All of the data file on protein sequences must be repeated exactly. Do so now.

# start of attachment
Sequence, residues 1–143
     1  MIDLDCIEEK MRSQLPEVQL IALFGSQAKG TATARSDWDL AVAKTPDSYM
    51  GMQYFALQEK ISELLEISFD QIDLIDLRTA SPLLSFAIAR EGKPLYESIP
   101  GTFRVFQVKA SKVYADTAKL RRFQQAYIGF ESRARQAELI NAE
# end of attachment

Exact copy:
Sequence, residues 1–143
     1  MIDLDCIEEK MRSQLPEVQL IALFGSQAKG TATARSDWDL AVAKTPDSYM
    51  GMQYFALQEK ISELLEISFD QIDLIDLRTA SPLLSFAIAR EGKPLYESIP
   101  GTFRVFQVKA SKVYADTAKL RRFQQAYIGF ESRARQAELI NAE